We were not bothered by the Yugoslavian authorities at the border at all. It was the Bulgarian border guards who annoyed us most.. We only had a small cache of Yugoslav Dinars left in our pocket and no western monies,  yet the Bulgarian immigration insisted that since we were not native Yugoslavs we could not use Yugoslav money to pay for our transit visa through Bulgaria. I walked over to the bank kiosk on the border area and exchanged all my money into Bulgarian currency and returned to the immigration officer and offered to pay the visa fee in their own money. She again said that is unacceptable, bring dollars or franks, etc. I was so furious I shouted at her 'if you don't accept your own money, how do you expect the rest of the world to accept it?' At any rate,  we returned to the gate crossing area and begged the incoming drivers to exchange about $20 worth of their money with us before changing it at the bank. Eventually one Iranian did so and we got our transit visa and set off towards East on Bulgarian roads.

We were driving fast so we would pass through that dreaded country in the shortest time possible, but to no avail. Our car had developed a new problem. Suddenly while driving at full speed the engine would go dead and would not come back until a few hours later. Each time we had to pull over, check the engine, keep starting until eventually our battery drained, and thereafter could only push start by pushing the car, which was unsuccessful 80% of the times anyway. I am pretty adept at auto mechanics. Each time I would dismantle the carburetor, and check out the distributor, and the coil, and cables, etc. And lo and behold they all checked! Both of us were scared now. Two youngsters, 23 years of age who were hungry, lonely and penniless, stranded in the wilderness of a backward country with a totalitarian communist government.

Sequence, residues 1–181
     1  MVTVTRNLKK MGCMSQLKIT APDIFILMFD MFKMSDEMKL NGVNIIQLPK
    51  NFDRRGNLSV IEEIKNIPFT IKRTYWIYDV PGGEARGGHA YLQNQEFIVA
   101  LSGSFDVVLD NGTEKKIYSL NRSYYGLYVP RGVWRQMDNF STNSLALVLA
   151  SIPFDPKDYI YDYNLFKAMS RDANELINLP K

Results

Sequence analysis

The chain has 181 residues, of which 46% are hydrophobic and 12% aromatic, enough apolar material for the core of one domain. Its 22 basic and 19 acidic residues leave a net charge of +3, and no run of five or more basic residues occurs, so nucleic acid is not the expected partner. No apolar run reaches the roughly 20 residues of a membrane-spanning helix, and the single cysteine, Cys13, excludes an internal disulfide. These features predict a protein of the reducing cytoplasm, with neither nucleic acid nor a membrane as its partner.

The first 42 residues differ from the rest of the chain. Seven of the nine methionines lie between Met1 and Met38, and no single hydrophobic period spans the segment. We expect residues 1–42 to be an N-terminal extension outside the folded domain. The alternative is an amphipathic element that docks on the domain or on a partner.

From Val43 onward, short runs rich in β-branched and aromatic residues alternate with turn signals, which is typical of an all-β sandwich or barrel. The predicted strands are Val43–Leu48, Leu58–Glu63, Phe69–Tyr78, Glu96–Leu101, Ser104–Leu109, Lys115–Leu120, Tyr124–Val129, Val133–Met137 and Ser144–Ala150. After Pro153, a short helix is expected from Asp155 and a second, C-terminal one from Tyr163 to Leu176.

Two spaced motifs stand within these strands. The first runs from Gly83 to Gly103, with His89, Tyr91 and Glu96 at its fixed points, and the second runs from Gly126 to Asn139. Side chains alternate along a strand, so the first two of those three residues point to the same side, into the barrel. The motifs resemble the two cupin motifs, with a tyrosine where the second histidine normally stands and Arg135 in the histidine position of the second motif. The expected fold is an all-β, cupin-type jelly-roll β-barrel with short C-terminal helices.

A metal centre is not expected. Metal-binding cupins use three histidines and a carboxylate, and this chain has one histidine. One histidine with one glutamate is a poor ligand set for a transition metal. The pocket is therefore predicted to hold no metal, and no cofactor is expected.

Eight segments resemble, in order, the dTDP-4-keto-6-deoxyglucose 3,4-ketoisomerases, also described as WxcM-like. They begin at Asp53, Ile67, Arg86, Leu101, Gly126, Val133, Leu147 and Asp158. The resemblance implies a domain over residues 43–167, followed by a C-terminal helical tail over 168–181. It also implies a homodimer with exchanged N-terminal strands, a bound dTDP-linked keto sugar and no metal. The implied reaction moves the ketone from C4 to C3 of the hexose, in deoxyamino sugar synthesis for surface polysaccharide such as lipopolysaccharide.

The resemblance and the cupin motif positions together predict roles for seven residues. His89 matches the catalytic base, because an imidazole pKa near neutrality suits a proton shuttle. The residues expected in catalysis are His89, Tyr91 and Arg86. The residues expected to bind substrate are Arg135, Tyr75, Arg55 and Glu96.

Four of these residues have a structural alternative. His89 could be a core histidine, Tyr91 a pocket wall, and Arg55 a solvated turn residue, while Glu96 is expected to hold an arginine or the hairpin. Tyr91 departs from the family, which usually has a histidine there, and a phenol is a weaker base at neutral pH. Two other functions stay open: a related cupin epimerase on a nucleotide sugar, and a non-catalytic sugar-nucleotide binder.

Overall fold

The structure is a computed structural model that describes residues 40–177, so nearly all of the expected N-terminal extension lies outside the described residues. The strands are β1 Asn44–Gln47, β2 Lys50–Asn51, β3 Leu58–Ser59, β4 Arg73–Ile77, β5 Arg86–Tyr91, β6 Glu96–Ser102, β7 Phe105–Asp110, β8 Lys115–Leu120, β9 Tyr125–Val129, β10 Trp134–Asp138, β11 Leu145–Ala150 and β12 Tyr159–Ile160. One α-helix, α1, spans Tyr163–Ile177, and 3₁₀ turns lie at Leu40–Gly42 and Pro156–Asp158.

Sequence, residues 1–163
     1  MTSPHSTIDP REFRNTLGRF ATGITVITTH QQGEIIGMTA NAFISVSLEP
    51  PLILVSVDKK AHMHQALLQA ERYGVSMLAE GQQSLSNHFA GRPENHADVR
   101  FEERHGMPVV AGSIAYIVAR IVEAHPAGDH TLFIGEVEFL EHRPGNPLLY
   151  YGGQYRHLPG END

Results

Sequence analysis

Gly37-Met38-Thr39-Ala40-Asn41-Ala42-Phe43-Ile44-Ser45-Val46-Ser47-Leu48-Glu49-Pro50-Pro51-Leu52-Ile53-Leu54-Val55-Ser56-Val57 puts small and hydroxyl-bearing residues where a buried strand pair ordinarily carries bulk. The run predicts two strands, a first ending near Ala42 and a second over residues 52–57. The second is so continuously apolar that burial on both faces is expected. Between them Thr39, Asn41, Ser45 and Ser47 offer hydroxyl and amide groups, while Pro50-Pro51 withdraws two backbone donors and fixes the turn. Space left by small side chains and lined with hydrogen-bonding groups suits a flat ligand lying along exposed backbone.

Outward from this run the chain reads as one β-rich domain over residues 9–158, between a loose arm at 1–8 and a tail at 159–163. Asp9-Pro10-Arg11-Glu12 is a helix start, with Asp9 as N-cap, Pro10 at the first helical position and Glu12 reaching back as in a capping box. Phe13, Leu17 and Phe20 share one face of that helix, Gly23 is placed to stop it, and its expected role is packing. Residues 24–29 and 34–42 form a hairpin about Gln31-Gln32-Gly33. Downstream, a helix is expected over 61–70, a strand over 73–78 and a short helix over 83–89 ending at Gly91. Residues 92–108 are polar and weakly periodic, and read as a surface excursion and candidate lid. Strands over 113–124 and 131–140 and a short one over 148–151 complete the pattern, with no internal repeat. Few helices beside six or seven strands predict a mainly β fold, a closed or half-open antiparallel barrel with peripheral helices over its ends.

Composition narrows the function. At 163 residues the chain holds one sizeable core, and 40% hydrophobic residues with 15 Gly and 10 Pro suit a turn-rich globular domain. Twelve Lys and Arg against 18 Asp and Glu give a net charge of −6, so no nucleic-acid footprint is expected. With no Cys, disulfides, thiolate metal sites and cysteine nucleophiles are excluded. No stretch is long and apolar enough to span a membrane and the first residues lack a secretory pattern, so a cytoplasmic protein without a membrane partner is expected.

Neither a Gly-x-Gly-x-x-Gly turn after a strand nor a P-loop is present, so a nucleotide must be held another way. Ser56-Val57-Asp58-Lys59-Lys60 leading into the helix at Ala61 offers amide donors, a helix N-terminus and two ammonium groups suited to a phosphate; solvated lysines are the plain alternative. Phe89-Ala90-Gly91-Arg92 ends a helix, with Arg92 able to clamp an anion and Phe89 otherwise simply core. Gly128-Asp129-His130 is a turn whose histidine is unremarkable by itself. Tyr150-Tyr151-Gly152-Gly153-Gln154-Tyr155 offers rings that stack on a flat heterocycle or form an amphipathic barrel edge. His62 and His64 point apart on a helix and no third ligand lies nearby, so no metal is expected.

On the second day after several off and on episodes with the car we were near the Turkish border and  very hopeful that we would make it out of Bulgaria before the night set in. Right at that moment though the car quit again and no matter what we tried it would not budge. We went through the usual routine of checking the engine and I removed the air cleaner on top of the carburetor and put it on the ground. We attempted to jump start the car and since the road was on a hill sloping backwards, we turned the car around and let it coast downhill rather than we pushing it uphill for starting. Doing so, however, we were about a mile away from our original spot. From that distance I realized that a vagabond van stopped by and picked up our carburetor damper and made away with it. It is a relatively worthless piece of hardware, but nevertheless it is needed to dampen the sound of the engine and clean the air going into the cylinders. From there on our car would roar loudly wherever we went! . It was 6 o'clock in the afternoon and we decided to settle down for the night.